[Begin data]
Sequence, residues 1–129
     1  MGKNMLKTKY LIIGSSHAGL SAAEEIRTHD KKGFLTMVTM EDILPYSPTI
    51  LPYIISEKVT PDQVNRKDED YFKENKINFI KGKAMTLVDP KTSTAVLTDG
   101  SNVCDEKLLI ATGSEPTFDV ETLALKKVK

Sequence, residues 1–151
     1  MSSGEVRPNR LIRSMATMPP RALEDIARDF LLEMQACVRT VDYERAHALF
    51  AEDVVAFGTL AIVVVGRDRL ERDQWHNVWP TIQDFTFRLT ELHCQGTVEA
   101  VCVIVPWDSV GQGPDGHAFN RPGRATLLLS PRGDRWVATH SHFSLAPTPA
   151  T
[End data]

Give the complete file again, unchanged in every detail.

Sequence, residues 1–129
     1  MGKNMLKTKY LIIGSSHAGL SAAEEIRTHD KKGFLTMVTM EDILPYSPTI
    51  LPYIISEKVT PDQVNRKDED YFKENKINFI KGKAMTLVDP KTSTAVLTDG
   101  SNVCDEKLLI ATGSEPTFDV ETLALKKVK

Sequence, residues 1–151
     1  MSSGEVRPNR LIRSMATMPP RALEDIARDF LLEMQACVRT VDYERAHALF
    51  AEDVVAFGTL AIVVVGRDRL ERDQWHNVWP TIQDFTFRLT ELHCQGTVEA
   101  VCVIVPWDSV GQGPDGHAFN RPGRATLLLS PRGDRWVATH SHFSLAPTPA
   151  T